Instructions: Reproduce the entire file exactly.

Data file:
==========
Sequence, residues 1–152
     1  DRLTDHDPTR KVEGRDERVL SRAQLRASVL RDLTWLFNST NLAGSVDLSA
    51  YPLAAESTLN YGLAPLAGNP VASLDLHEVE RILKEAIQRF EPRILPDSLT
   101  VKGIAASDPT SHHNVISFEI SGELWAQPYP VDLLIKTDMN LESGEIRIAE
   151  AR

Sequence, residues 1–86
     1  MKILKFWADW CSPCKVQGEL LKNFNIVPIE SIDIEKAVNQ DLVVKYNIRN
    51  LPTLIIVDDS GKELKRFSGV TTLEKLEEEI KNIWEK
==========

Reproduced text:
Sequence, residues 1–152
     1  DRLTDHDPTR KVEGRDERVL SRAQLRASVL RDLTWLFNST NLAGSVDLSA
    51  YPLAAESTLN YGLAPLAGNP VASLDLHEVE RILKEAIQRF EPRILPDSLT
   101  VKGIAASDPT SHHNVISFEI SGELWAQPYP VDLLIKTDMN LESGEIRIAE
   151  AR

Sequence, residues 1–86
     1  MKILKFWADW CSPCKVQGEL LKNFNIVPIE SIDIEKAVNQ DLVVKYNIRN
    51  LPTLIIVDDS GKELKRFSGV TTLEKLEEEI KNIWEK